Many CX professionals are now building sophisticated and fancy models of customer journey map. However, sophisticated things are usually difficult to operationalise. To reverse any complication, we ought to simplify these models in order to put them into operations.
[Click to enlarge]
Figure 1: Importance Ranking of the Sub-processes of the Starbucks In-store Experience in Driving NPS
Take the Starbucks case and NPS as an example. We correlated the satisfaction rating of each sub-process during the in-store experience to the NPS (net promoter score) given by the Mainland Chinese and American customers for a global research [note 1].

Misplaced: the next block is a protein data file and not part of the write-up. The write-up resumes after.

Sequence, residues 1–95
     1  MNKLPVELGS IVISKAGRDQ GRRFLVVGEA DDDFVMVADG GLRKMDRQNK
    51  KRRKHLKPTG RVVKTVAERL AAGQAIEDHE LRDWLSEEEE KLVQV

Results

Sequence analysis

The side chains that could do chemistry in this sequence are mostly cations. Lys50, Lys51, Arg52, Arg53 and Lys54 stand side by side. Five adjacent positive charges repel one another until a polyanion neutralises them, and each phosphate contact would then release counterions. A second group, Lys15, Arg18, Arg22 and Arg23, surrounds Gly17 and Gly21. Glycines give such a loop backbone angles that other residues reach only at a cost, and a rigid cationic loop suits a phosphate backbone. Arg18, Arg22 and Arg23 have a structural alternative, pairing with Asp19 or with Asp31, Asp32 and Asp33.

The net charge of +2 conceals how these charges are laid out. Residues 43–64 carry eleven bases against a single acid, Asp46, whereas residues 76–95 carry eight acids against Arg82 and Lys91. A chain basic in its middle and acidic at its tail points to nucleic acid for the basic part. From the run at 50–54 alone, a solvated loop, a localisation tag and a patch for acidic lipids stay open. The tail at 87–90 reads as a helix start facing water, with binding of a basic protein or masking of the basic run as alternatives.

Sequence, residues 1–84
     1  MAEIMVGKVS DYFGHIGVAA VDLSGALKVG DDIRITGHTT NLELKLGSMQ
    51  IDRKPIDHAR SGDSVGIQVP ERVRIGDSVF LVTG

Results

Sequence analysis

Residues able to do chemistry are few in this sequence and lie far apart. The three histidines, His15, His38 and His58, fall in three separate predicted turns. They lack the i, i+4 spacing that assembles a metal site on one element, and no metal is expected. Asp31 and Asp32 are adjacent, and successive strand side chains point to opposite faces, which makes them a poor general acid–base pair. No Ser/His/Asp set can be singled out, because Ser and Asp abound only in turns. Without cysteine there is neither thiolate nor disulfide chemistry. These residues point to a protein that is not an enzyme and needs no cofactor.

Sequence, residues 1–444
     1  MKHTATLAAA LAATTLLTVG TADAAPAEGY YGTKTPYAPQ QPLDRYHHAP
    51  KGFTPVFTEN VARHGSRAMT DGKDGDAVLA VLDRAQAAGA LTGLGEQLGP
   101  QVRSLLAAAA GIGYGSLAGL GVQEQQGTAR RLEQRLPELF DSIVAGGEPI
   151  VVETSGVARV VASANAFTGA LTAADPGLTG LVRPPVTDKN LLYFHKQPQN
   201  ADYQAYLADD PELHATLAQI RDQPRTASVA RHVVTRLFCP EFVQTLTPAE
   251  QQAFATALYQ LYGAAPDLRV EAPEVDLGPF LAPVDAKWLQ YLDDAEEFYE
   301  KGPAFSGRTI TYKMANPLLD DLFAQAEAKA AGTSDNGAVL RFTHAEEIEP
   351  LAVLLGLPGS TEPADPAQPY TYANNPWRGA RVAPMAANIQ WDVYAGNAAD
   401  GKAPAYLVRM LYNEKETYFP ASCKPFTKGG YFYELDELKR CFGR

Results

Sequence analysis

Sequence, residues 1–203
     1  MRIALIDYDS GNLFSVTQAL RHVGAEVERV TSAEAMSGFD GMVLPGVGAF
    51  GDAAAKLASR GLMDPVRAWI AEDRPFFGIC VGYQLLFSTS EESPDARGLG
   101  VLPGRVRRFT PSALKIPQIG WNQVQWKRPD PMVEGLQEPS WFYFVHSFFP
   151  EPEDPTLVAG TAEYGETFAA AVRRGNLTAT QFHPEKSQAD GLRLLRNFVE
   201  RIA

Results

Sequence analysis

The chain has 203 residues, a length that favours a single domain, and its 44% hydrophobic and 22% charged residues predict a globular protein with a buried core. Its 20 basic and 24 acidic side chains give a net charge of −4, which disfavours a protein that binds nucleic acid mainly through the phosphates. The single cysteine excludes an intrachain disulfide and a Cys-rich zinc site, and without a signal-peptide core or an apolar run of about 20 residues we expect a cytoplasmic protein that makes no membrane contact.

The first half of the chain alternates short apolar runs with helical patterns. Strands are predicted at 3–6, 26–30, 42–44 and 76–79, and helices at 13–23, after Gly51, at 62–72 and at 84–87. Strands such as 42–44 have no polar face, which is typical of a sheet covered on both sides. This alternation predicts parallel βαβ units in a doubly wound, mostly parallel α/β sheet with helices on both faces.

Figure 1 lists the X-VOC Data [note 2] – the importance ranking of each of the 26 sub-processes in driving NPS. With 26 sub-processes, the importance rankings literally range from 1 to 26, with 1 being the most important and 26 being the least important factor affecting NPS.
Numerous companies use NPS, but not many of them know how to make NPS actionable. From now on, you can find out which particular sub-processes or attributes you need to sweat to improve your NPS. And it’s all supported by quantifiable data.
Include ‘pricing’ and ‘product’ in the map
The Conventional CX always leaves out ‘price’ and ‘product’ in their customer journey maps. It creates an irreversible impact on identifying business drivers.
If ‘pricing’ and ‘product’ are excluded from the Starbucks journey map, two of the top five NPS drivers – ‘Coffee taste/flavor’ and ‘See and be seen (feel you are “part of the group”)’ of the U.S. Starbucks; ‘Appropriateness of prices’ and ‘Coffee taste/flavor’ of Mainland China Starbucks – would be permanently absent on the map.